The room was packed. It was the mid-morning step class with a popular instructor at the gym. I got there early to get a good spot and not be relegated to the back where it is impossible to see what the teacher is doing. She had gotten there even earlier and, as usual, was waiting in the front row for the class to start.
You know the type: full-on 80’s make-up, big, teased hair, very tight top, and incredibly short shorts neither one of which are very flattering with her pear-shaped body type, but that she wears as proudly as a runway model would. The kind of girl that would make good southerners say: “oh, honey” and “bless her heart.”
I had seen her often around the gym because, while I’m not the most consistent of members, she is always there. Always. And for some reason I cannot explain, I just did not like her. She rubbed me the wrong way and I had never even spoken a word to the girl. I don’t know her name, I don’t know her story, and she had never even acknowledged my presence so I had no real reason to dislike her. Other than the shorts. And the make-up. And the hair. Irrationally her appearance annoyed me.
So this particular morning as we began to step to the music, following the instructor’s directions, I started watching her from behind and thinking about her lack of rhythm and those shorts riding up. And then there was a gentle voice, like a whisper at the top of a mountain, that simply asked in my ear:
- Why are you being so catty? You don’t even know this girl.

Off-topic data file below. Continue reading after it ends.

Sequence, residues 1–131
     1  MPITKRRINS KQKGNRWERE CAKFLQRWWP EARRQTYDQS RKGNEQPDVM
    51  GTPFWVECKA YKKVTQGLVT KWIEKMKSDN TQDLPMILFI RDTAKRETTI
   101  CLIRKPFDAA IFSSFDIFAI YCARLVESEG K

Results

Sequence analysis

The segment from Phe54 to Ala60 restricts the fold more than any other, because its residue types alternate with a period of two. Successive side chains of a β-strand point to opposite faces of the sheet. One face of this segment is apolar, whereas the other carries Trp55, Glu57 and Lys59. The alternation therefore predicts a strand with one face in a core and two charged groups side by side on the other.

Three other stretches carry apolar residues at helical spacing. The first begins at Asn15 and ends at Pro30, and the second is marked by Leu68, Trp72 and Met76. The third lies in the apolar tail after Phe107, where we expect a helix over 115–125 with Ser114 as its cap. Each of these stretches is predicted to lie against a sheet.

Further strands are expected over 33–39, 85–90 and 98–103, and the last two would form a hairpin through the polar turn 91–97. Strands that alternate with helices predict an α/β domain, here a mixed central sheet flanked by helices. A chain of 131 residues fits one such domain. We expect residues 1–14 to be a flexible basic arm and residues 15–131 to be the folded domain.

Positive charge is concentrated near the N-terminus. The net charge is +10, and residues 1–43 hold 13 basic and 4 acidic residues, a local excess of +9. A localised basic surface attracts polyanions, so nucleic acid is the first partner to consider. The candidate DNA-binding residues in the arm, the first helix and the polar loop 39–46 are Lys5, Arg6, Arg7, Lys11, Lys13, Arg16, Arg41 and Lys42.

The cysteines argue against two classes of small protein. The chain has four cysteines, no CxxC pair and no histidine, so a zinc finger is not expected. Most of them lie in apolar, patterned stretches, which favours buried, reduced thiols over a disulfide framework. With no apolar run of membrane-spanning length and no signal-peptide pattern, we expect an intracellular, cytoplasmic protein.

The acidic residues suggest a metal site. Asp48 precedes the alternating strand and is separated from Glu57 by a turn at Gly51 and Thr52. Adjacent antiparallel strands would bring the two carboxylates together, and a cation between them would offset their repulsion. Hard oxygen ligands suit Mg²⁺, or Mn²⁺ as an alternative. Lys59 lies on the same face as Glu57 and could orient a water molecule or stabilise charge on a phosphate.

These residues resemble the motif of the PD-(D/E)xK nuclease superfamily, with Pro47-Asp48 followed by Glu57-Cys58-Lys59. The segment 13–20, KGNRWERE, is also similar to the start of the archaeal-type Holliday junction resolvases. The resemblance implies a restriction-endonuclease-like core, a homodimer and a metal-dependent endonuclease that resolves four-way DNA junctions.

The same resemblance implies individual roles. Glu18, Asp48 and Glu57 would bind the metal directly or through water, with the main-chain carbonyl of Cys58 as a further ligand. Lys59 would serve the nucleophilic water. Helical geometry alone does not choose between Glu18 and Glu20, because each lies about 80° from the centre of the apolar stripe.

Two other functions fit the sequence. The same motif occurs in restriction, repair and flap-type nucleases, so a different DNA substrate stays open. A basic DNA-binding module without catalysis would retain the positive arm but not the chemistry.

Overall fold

There was no condemnation in that gentle voice, only deep sadness. But my heart was convicted right away. I had no answer so I just listened, ashamed, and willing to hear the rest of the rebuke.
- How would you feel if someone was saying these ugly things about your daughter?
This gripped my soul with pain for the little girl with the sensitive heart that breaks when a friend is mean to her or when someone laughs in her face. I thought about the times I have held her while she shed tears of embarrassment or hurt over another little girl’s nasty comment. And then came the most difficult words of the whole conversation:
- That, right there, is my daughter.
And I was found guilty.
And in response to the gentle voice that does not accuse but definitely convicts, with tender tones and loving reminders, all I could do was repent. And express deep regret and apology. I had been ugly and I had been hurtful.
That the girl never heard my words is irrelevant.
Just as hate is like murder and lust is like adultery, so is judging like insulting.
What is hidden in our heart is to God the fountain out of which our thoughts, our words, and our actions flow. My nastiness towards that girl came out of a bitter heart, so the work would begin right there, at the core. I thanked God for his faithful guidance and for the Holy Spirit’s convicting work and went back to the prayer of David, with whom I always identify:
“May the words of my mouth AND the meditation of my heart, be pleasing to you, O Lord, my rock and my redeemer.” Psalm 19:14 (emphasis mine)